Childhood– in particular, adolescence – is a vulnerable period of growth and development and therefore, rightly referred to as the ‘wonder years’ in a teenager’s life.
A lot of aspects—from environmental factors, parental relations, the collective response of family members to a stressful situation, peer groups and rapport with teachers—all play a vital role in shaping a child’s personality. The very essence of confidence-building measures with children begin with how adults respond to a situation in front of them.
Evolvement and emotional intelligence
Each child has a unique temperament, set of qualities, interests and abilities. As humans we are emotional beings. Our emotions are regulated by our mind, being a function of our brain. The limbic structures in the brain are involved in the emotional experience.
During the adolescent phase, there is an upsurge of hormones. The brain also reshapes and there is the process of brain maturation, particularly of the prefrontal cortex (meant to regulate emotions), and the process continues till the late 20s.
There is a conflict between dependence and need to explore independence, at the same time a heightened experience of emotions, exaggerated emotional and behavioural expressions.
Parents, this is your guide to manage a child’s meltdown. However, please note that in case of persistence of significant mood swings/ disturbance or distress, one should seek timely professional help for their kid.
- You are the role model, watch yourself first: As parents you are the child’s first teachers and role models. Child learns a lot through observation. Your priorities, values, how you express emotions, how you face problems and arrive at conclusions, your body language, your communication style are all closely observed and imprinted in the mind of the child. So be watchful of yourself. Have a troubleshooting approach rather than a problem pointing one.
- Differences in parenting ideologies are normal. Communicate to your child that two intelligent people under one roof may have differing views, but that’s not a conflict: As parents you might have individual differences on issues, ideologies, lifestyle preferences and priorities. However, try to merge your egos. As parents you should be one, thinking like a unit. Plan what you need to discuss with your child. Make sure you do not demean each other in front of the child. Remember the child’s identity also depends on how the child sees the parent and his/ her connect with you. Try not to uproot the very roots of relationship with each parent. This shall help your child in developing self-esteem, clarity, trust and respect in oneself and the parents.
- Avoid being a helicopter parent: Try to facilitate positive platforms for learning and development. Encourage problem-solving skills. Allow the child to face problems rather than over-shielding or taking the escape route. The child should learn to accept that problems are a part of life. Yes, one needs to use a healthy mindful approach to solve them. Rather than engaging in blame game, grudges and self-victimisation, one needs to try and see how one can resolve issues in a positive healthy manner. An approach of trying to find a solution, taking responsibility and calming those agitated around you is helpful in developing healthy problem-solving skills.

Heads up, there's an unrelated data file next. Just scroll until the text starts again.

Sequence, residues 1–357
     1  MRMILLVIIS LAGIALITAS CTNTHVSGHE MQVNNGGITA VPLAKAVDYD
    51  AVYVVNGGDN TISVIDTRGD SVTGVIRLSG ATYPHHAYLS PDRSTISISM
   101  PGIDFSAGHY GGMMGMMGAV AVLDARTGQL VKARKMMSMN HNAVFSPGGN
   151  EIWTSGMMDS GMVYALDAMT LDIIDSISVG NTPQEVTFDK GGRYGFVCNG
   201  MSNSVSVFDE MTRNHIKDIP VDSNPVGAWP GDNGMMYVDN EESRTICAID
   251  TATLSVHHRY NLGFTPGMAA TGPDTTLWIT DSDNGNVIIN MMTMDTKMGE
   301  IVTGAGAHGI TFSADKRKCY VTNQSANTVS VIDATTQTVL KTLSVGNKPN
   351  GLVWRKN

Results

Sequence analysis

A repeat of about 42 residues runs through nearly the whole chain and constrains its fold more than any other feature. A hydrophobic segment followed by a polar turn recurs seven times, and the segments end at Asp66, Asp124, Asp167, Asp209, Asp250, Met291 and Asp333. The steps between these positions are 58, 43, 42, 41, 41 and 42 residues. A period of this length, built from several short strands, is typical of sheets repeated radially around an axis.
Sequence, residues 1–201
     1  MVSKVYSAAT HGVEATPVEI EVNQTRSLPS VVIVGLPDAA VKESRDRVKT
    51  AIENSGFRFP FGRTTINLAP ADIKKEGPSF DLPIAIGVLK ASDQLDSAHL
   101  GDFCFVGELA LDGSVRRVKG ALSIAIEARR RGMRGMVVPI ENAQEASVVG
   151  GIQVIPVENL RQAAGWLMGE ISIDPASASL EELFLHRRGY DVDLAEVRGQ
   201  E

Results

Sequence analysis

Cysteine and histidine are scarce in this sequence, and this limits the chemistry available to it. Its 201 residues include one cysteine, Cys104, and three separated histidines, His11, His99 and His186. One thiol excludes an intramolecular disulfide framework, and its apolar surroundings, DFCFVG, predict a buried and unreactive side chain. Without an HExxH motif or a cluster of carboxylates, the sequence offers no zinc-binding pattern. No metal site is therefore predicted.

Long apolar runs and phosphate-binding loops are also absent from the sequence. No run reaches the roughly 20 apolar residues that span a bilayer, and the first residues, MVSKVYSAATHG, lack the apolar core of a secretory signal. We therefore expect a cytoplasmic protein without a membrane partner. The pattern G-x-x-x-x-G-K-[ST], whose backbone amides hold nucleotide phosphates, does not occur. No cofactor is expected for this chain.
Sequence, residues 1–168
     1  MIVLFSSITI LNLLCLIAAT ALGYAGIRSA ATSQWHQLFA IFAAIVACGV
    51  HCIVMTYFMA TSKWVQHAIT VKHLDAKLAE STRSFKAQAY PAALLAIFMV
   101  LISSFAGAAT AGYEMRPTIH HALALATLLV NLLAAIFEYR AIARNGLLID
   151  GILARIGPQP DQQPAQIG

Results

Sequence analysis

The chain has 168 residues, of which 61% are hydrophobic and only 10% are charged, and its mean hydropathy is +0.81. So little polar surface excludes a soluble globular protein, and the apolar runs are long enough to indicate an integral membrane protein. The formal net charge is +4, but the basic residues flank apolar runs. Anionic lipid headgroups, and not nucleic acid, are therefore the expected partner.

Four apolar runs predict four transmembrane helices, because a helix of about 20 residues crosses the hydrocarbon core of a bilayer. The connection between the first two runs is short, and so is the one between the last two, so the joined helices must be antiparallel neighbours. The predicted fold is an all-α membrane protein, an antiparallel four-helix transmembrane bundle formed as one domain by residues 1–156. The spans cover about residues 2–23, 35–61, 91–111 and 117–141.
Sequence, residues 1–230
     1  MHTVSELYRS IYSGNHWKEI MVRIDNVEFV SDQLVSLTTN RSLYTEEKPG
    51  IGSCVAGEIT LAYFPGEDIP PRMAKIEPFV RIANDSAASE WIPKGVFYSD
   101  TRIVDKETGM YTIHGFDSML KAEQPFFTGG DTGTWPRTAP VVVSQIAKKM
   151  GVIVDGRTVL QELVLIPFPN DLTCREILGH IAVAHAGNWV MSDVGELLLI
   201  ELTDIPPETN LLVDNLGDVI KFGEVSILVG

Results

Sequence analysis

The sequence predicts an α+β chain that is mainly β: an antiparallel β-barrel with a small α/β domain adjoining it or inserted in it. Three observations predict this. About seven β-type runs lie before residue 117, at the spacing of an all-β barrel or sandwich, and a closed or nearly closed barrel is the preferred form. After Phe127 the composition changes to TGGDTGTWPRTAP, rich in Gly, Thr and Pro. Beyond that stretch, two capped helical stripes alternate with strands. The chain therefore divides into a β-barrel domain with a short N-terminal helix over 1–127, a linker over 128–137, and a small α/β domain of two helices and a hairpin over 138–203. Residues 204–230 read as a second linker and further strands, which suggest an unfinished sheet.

- Listening, trusting and bonding time: As adults all of us are busy, but the value of time remains the same be it for an adult or a child. Therefore, don’t undervalue the importance of a child’s time that he/she has sought from you. Develop a listening approach without jumping to quick conclusions, judgements and immediate advices. This will help the child in developing trust. If you see your child is opening up to you naturally about his or her fears, concerns, unpleasant experiences—give yourself a pat on the back. As a parent, you are on the right track.
- When everyone’s in a bad mood: A lot of times, we may end up in a scenario wherein everyone’s in a bad mood and nobody seems to be talking logic. This leads to exchange of negative talk, judgements being passed, vitriolic blame game—all witnessed by the little people—magnifying the problem and exposing the crevices in the family structure. What can one do? Take a breather, give everyone some time to calm down, strengthen the inner homeostasis through the parasympathetic nervous system and then come up with logical solutions. Make it a point that it is communicated to all that nobody will raise the past deliberations and will only live the present.
- ‘We’ activities for wellness: Such activities strengthen feelings of togetherness and aid in bonding. Such activities could be as simple as playing a game of cards or some board games together.
- Communication and Catharsis: Keep eye contact and channels of communication alive, either end. Pent up emotions need to be released allowing ventilation and catharsis. Energies need to be channelised through constructive hobbies, regular exercise or yoga, sleep hygiene and physical sport.
Dr. Malhotra practises as Director, Mental Health and Behavioral Sciences, Max Hospitals. He is a senior consultant psychiatrist, psychotherapist and drug deaddiction specialist. He is associated with programmes on parenting and school mental health.